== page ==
Astronaut Capt Scott Kelly's year in space
The longest-serving American astronaut in space is returning to Earth after living on board the International Space Station for 340 days.
While there, Capt Scott Kelly shared fantastic images of our planet via Twitter and Instagram, as well as videos documenting everyday life in space.
Capt Kelly's mission will help Nasa understand the long-term effects of living in space. His identical twin, Mark, stayed grounded during the year, and Nasa is conducting research on both men to see how a year of weightlessness affects the human body.
The research is critical, as it will take a year of space travel to reach Mars.
In October, Capt Kelly was one of two astronauts on board the International Space Station to make their first spacewalk outside - to do some repairs and maintenance.
Capt Kelly and Dr Kjell Lindgren had to grease the station's big robot arm, reroute some cables and remove some insulation.
The spacewalk had to be delayed after Dr Lindgren switched on the water flow in his suit too soon.
Travelling more than 220 miles above the Earth, at 17,500mph, Capt Kelly orbited the globe more than a dozen times a day.
This image shows the view over Africa.
During his stay on station, he had the opportunity to photograph various geographical locations, including the Bahamas, pictured here.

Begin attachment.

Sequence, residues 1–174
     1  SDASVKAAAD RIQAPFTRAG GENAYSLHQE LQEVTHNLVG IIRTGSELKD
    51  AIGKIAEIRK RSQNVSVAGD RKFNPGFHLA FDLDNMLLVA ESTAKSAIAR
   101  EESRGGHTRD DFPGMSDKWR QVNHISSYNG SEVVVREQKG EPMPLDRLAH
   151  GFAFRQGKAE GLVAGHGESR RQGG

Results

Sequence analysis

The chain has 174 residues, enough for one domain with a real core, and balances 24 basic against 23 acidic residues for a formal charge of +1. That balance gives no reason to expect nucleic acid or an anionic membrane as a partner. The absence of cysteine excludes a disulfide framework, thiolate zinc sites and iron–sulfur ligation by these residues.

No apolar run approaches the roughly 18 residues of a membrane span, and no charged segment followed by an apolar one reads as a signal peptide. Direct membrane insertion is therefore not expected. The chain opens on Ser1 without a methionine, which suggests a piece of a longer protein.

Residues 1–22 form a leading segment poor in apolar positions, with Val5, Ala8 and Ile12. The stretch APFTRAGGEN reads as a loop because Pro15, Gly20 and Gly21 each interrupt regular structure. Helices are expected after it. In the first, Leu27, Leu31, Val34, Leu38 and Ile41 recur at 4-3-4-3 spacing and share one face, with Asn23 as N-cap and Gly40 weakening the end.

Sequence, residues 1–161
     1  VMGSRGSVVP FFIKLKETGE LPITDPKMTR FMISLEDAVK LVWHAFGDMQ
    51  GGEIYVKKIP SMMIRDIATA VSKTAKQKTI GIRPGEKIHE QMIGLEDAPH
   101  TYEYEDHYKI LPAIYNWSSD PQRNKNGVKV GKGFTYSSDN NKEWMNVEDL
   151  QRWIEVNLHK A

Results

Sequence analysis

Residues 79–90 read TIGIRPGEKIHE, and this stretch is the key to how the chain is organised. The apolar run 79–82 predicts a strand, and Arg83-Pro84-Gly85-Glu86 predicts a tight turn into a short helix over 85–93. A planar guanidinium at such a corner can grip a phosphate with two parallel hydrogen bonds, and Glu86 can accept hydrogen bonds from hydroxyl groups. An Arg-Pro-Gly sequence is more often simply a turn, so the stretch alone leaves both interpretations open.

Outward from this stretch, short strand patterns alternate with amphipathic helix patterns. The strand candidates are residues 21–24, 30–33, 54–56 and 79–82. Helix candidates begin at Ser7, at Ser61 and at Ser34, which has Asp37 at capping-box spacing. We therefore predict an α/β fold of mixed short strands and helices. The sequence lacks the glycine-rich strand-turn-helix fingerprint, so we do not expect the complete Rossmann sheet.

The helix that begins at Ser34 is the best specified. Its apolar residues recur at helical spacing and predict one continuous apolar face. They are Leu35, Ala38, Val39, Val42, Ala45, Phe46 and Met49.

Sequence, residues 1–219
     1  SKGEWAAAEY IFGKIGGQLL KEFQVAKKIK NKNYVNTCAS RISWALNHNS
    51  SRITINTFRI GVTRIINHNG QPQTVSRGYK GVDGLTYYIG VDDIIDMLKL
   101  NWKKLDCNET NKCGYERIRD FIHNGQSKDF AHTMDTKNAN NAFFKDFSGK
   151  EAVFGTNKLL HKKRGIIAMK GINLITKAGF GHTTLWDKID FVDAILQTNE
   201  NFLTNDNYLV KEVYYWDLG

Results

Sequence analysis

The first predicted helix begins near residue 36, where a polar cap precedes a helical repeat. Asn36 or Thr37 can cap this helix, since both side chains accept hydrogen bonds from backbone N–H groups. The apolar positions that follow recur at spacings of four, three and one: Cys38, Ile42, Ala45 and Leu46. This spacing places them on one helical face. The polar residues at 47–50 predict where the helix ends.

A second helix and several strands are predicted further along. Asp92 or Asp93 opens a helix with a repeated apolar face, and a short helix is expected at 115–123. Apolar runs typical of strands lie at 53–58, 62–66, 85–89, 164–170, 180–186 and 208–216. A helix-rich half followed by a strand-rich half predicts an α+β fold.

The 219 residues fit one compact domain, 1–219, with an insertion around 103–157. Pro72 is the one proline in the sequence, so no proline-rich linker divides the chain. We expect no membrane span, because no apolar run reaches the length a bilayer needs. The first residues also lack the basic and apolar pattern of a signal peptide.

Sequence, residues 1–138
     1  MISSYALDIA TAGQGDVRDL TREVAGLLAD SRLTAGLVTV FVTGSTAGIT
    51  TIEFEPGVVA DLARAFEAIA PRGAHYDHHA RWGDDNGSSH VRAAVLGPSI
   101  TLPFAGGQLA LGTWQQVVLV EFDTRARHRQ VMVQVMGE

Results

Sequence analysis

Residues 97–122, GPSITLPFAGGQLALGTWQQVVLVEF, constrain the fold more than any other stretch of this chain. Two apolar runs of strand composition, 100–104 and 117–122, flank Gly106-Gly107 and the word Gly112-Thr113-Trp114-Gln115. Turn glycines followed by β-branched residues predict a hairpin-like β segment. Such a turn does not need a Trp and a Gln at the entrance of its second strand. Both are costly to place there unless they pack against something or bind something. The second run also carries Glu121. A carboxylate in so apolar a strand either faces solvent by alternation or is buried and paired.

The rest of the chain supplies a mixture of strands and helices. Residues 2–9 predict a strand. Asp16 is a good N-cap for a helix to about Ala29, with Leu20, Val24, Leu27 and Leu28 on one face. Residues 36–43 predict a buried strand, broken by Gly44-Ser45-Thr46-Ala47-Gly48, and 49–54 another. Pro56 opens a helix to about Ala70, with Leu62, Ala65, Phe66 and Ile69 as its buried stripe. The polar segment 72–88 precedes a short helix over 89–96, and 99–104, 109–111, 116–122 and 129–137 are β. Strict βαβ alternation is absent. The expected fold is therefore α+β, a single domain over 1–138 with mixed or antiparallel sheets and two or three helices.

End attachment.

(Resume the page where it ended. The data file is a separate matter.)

"Pictures like this make me really regret that my watercolours didn't make it up here," Capt Kelly wrote on 22 November 2015.
On 29 September, Capt Kelly had an Antipodean view.
He wrote: "My favourite colour is blue. But it's green I miss most. #New Zealand, you were everything I expected."
Some images proved puzzling to some of Capt Kelly's followers.
On 11 February, this shot raised some questions.
He wrote: "Posted this pic last week. Many of you asked, 'What is it?'"
Capt Kelly revealed all on Tumbler.
He wrote: "Photo located on the western edge of the Sahara desert at centre Mauritania in north-west Africa. There is a giant quartzite circle called Richat Structure. It is approximately 24 miles across. This volcanic bulge that never erupted and was levelled by erosion makes for interesting Earth art."
On 27 August, Capt Kelly captured one of many amazing shots of the aurora borealis.
He also marked Halloween with another shot of the spectacular light show.
On 27 February and near the end of his time on the space station, Capt Kelly wrote; "Of all the sunrises I've seen on my year in space, this was one of the best! One of the last too. Headed home soon."
Unsurprisingly, Capt Kelly's final post before returning was a picture of Earth; "#Countdown We're down to a wake-up. #Earth. I'm coming for you tomorrow! #GoodNight from @space_station! #YearInSpace."